Evie, who was three years older, had polio as a child and she was sometimes a semi-invalid yet, as is the way of things, she outlived Mainie by 11 years.

The women studied together in London, and again in Paris, after Mainie won the Taylor Scholarship. They both worked at André L’Hote’s studio, where Mainie became more involved with abstract art and the concept of form. “I learned to use natural forms as a starting point towards the creation of form for its own sake.” But there was also a geometric element of Cubism which Mainie saw as echoing the Old Masters, where an invisible triangular design is part of the pattern of the picture.

Both Jellett and Hone also worked under Albert Gleizes. Picasso and Braque are said to have founded the ‘fragmented and abstract’ principles of Cubism, but art historians see the philosopher Gleizes as the true founding father of the movement. He was a formative teacher for Mainie Jellett – though, for Evie, Georges Rouault was also a key figure.

Mainie returned to Ireland in the 1920s, when the turbulent warring period was over. Art mattered to her more than politics and she accepted the new Irish State, although she expressed some strong views about De Valera, and described him as “criminally conceited and stupid” in his economic protectionism.

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Yet her own values weren’t always entirely different from some of Dev’s. In the 1920s she saw art as being “against the materialism and mechanical spirit of our time” and “the movement and agitation” of modern life. She loved the austerity of early Irish Christian art and, like Dev’s constitutional “woman in the home”, she valued the role of “the householder”.

For Jellett, the “householder” creates taste and, as Eileen MacCarvill wrote in The Artist’s Vision, the elements of life and art are “in the collective life of the home”; craft and manufacture, taste and design, colour and form are all art. Mainie also wanted to apply the aesthetics to civil life – to town planning, architectural design, textiles, murals, shop signs, interior decoration. Mainie’s Cubist shapes and colours were also applied to some beautiful rugs and carpets, and she produced fine theatre designs for the Gate Theatre and for Irish Ballet.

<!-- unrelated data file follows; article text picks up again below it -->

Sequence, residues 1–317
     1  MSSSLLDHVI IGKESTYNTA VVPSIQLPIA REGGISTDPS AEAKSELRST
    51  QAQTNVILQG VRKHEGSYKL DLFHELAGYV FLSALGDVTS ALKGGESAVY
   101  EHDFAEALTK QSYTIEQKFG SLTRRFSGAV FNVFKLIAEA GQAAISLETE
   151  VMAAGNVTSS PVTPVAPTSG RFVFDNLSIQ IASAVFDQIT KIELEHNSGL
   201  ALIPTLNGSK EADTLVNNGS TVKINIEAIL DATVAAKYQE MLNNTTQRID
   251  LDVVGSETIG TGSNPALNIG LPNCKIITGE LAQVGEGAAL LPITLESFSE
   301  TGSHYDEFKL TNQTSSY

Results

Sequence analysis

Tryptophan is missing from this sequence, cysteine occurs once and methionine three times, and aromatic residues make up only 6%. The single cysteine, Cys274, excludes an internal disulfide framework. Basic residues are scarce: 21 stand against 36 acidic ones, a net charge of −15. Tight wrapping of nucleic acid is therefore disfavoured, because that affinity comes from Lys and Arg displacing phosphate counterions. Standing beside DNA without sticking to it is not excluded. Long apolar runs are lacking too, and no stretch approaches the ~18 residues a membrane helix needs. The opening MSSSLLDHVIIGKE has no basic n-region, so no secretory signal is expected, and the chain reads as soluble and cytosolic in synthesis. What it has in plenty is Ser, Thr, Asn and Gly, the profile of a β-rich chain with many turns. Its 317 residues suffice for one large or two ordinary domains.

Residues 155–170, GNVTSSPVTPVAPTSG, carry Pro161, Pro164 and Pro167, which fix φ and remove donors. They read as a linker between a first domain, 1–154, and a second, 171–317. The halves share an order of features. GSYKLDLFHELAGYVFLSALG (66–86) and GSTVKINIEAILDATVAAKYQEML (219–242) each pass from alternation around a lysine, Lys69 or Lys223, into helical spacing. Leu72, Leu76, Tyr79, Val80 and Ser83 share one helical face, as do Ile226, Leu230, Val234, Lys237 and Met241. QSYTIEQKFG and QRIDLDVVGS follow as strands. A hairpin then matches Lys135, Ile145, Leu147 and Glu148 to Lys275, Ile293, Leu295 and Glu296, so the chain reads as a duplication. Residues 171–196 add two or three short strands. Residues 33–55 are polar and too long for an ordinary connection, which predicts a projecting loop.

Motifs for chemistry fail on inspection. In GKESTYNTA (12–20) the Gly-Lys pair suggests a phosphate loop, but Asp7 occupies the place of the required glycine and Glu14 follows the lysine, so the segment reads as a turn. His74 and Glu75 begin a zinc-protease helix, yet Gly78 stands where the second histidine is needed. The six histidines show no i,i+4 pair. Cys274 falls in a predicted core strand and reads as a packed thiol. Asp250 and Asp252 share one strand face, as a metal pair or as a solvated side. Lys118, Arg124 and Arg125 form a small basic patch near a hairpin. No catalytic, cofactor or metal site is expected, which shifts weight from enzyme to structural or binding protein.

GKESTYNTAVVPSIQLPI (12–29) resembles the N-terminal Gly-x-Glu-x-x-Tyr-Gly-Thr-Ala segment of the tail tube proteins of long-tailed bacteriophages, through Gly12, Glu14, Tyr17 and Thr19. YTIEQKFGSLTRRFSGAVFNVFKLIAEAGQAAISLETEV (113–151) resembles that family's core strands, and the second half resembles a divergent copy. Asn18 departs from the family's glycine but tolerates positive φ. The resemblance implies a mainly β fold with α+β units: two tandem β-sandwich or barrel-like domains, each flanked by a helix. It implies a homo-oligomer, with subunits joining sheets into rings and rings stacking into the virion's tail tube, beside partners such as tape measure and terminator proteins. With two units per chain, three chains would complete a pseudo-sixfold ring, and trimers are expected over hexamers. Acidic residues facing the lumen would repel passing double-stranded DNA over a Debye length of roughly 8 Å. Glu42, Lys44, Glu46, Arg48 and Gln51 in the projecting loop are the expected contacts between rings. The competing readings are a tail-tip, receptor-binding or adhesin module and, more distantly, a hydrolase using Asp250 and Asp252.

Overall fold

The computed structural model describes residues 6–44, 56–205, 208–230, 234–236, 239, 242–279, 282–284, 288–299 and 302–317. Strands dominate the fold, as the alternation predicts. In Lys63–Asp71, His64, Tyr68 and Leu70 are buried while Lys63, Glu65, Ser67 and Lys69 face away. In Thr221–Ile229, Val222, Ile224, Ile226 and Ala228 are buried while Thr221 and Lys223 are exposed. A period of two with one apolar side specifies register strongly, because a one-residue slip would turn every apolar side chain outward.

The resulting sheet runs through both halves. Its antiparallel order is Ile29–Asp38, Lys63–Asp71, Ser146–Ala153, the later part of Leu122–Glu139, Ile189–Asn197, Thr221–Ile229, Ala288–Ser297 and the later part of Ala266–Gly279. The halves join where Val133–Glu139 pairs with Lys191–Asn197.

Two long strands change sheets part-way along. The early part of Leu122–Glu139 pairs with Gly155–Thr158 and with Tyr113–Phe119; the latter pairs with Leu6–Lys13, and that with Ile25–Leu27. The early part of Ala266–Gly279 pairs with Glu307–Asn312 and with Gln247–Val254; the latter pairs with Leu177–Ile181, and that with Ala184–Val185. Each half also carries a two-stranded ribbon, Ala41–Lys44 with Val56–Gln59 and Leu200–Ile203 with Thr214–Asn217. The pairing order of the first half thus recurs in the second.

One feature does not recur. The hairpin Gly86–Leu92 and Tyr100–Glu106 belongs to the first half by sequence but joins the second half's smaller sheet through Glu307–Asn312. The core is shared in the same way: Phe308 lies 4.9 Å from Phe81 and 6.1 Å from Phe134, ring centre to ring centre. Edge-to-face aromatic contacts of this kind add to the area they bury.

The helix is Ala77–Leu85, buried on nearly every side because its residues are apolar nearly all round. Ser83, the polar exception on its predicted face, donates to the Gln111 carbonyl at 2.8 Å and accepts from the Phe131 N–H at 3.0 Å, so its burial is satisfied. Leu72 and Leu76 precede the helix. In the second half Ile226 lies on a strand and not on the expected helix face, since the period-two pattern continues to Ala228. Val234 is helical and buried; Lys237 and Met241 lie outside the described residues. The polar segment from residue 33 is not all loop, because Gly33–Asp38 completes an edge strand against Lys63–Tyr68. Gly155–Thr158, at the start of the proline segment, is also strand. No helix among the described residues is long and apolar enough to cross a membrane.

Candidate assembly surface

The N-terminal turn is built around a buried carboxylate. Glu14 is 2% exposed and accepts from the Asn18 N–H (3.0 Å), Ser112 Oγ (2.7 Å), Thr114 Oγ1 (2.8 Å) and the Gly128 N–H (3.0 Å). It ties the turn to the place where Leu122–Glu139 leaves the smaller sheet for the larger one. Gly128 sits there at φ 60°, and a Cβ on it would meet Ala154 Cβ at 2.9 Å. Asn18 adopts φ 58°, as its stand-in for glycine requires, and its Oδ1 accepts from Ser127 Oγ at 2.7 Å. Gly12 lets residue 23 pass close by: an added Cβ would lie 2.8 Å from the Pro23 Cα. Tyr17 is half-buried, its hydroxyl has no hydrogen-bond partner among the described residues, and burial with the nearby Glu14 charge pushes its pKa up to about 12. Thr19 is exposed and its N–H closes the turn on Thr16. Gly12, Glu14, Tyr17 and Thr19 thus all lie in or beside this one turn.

At first, Mainie Jellett’s modernist paintings created a shocked sensation, which only made her more resolved to “educate” the public and the critics about being open to art. She exhibited successfully at the Royal Hibernian Academy and, elsewhere, gave lectures and talks, travelled to many parts of Europe, and was always helpful to other women in the world of art.

“She was definitely a feminist,” says Bruce Arnold. She was also, in a practical, if not in flag-waving, sense, patriotic: she wanted Ireland to thrive, both in the arts and in prosperity (one of her grumbles about Dev was his negative effect on “trade”).

Evie Hone felt she had derived a sense of “peace” from her year in a convent and converted to Catholicism in 1937, but Mainie remained committed to the Church of Ireland, often attending the High Anglican church at Clyde Road. “Her deep spirituality manifested itself in her artistic treatment of sacred subjects,” wrote Diarmaid Ferriter, adding “both she and Hone made Paris-oriented modernism respectable even for the Church.”

Mainie Jellett completed her last painting in 1943, but she was unwell and died soon afterwards, aged 46, from pancreatic cancer. Elizabeth Bowen saw her a few months before her death in a Leeson Street nursing home. “The eager, generous girl of my first memories was now a thin woman, in whom the fatigue of illness, mingling with that unlost generosity and eagerness, translated itself into a beauty I cannot forget.”

Mainie Jellett’s paintings are landmarks in Irish art and it can be said that her philosophy of bringing art into everyday life has been remarkably successful.

@MaryKenny4